Episode title: “Time Zones”
Significance: An obvious reference to the bi-coastal storylines and lives of some of our lead characters, but also a reminder of where four of them – Don, Peggy, Roger and Joan – are perilously perched in life.
Time passages: The episode takes place in January of 1969 as Richard Milhous Nixon is preparing to be inaugurated as the 37th president of the United States and Peggy Olsen has yet to take down the Christmas tree in the upper West Side apartment building she owns (and struggles to manage alone). It is two months after we last saw Don Draper take his children to visit his boyhood home in eastern Pennsylvania.
“I am forgotten as a dead man out of mind. I am like a broken vessel.” –Psalms 31:12.
The hint of reconciliation, maybe even change, that we saw in the final scene of Season 6 of “Mad Men” seems long forgotten in the premiere of its final turn – a reminder that change doesn't come easy and our actions, as Roger's daughter reminds him, can never be undone.
Don Draper is out of sight, out of mind with both his old agency and new wife, who's already talking about "her" next house. Roger Sterling is indulging in the free love movement for the “free” part, but can’t even allow himself to be forgiven properly. Joan Holloway is as objectified as ever, despite her partner status and “accounts woman” dreams. And Peggy Olson, who’s been let down (or allowed herself to be let down) by every man in her life, is suffering a high achiever’s nightmare. She can’t get anything done, professionally, personally or plumbing-wise.
“Mad Men” creator Matthew Weiner has suggested the show’s final season will be about the consequences of action and whether the characters have a capacity for change. If “Time Zones” is any indication, it will be an especially bumpy ride into television history.
Our reminder that people can change in this episode is Freddy Rumsen, the former pants-pissing idea guy, now a straight and sober freelancer, playing Christian to Don’s Cyrano. Freddy gives Don a pep talk at one point about getting off the bottle and back in the ad game.
“You don’t want to be damaged goods,” he says.
But Don seems to know it’s much too late for that, ending the episode by giving in to the patio door that's broken like everything else in his life, embracing the cold and allowing himself to be fully on the outside looking in.
“I thought I could do it this time,” he confides without a hint of irony to the beautiful stranger on the plane ride back from L.A.
Neve Campbell’s character doesn’t have a name because she’s every woman. She’s Rachel Mencken and Faye Miller and Sylvia Rosen and who knows how many others. Don had no sooner hit his the seat for that red-eye plight when every single one of us thought, "Here we go, again."
Don Draper knows how to sell things because he’s the ultimate buyer. He always longs for what’s new until it’s not new anymore. Then, he wants the next thing.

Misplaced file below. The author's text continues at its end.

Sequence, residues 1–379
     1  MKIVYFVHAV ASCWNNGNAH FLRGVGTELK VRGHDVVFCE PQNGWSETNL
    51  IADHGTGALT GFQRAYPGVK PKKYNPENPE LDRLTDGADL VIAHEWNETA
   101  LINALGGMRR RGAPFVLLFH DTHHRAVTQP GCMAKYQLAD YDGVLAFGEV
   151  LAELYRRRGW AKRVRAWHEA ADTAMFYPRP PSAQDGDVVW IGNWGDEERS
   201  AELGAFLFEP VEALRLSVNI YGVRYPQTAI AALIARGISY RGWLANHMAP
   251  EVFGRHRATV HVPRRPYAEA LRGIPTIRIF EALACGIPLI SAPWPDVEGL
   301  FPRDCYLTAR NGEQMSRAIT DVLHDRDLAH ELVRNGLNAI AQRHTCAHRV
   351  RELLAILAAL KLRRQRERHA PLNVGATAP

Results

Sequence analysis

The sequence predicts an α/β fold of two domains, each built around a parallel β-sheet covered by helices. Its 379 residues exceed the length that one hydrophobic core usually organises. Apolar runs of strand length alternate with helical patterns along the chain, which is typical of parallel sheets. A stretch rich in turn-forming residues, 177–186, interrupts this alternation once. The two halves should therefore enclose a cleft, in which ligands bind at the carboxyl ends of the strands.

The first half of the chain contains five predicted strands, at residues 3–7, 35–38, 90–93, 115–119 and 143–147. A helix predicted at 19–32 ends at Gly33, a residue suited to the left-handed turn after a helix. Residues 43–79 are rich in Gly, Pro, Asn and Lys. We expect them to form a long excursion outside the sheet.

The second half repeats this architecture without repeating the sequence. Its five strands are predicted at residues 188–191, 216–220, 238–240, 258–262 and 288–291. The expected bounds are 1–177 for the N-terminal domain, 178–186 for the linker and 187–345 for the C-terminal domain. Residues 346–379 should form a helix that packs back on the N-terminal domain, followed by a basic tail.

But for the first time in a long time Don Draper had the new thing gift wrapped for him – and he passed on it. Time will tell if we learn this every woman's name. If we never see her again, it might be the smallest sign that Don is capable of changing. But if we learn her name, it'll be part of the story of broken vessel sinking slowly but surely.
+ Not surprisingly, Neve Campbell says she's been sworn to secrecy by Weiner as to whether she'll have any more Season 7 appearances.
+ Checking the "Mad Men" scorecard: Pete Campbell and Ted Chaough are in L.A. Lou Avery has replaced Don as creative director. Ken Cosgrove is director of accounts. Joan is handling Avon. Bob Benson is in Detroit working with Chevy.
+ More scenes with Peggy screaming at children please!
+ Pete was sporting the Lacoste alligator when Don met him at L.A., interestingly a “hippie” icon before it became a preppie one.
+ That meeting took place at Canter’s, the famous L.A. kosher deli to the stars.
+ The scene where Don arrived in L.A. was a clear homage to the opening scene of “The Graduate,” which featured a similar moving sidewalk at LAX and a similarly aimless lead character.
+ The movie Don was watching at Megan’s was Frank Capra’s 1937 adaptation of “Lost Horizon.” The story of the lost city of Shangri-La was then one of the most expensive films ever made.
+ Don also caught a little bit of “The Joey Bishop Show” on the tube in L.A., a short-lived (1967-69) ABC attempt to compete with Johnny Carson. Bishop’s “Ed McMahon” on the show was none other than Regis Philbin.
Our closing number: Playing over the credits this week was Vanilla Fudge’s cover of The Supremes “You Keep Me Hanging On,” written by Motown hitmakers Lamont Dozier and Briand and Eddie Holland.
Sweet tweet: From @kmgxny: Well, #MadMen effectively opened 475 story lines that need tying up before the series end. (Blogger’s note: Matt Weiner said it would be dense!)
Lines of the night:
+ “This is the beginning of something.” –Freddy Rumsen
+ “I feel like we really got somewhere last night.” –Roger’s bedmate
+ “Can I get a splash of whiskey in this?” –Joan Holloway
+ “We see around us empty lives wanting fulfillment.” –Richard Nixon
+ “You can blame that on Madison Avenue.” –Don’s seatmate